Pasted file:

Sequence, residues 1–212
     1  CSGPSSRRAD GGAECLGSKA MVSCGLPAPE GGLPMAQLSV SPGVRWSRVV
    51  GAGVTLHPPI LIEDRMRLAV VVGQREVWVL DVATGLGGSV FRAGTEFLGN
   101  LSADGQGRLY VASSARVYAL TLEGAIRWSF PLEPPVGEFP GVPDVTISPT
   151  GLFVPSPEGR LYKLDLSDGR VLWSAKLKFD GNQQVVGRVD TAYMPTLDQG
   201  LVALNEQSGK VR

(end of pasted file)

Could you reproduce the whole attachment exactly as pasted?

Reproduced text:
Sequence, residues 1–212
     1  CSGPSSRRAD GGAECLGSKA MVSCGLPAPE GGLPMAQLSV SPGVRWSRVV
    51  GAGVTLHPPI LIEDRMRLAV VVGQREVWVL DVATGLGGSV FRAGTEFLGN
   101  LSADGQGRLY VASSARVYAL TLEGAIRWSF PLEPPVGEFP GVPDVTISPT
   151  GLFVPSPEGR LYKLDLSDGR VLWSAKLKFD GNQQVVGRVD TAYMPTLDQG
   201  LVALNEQSGK VR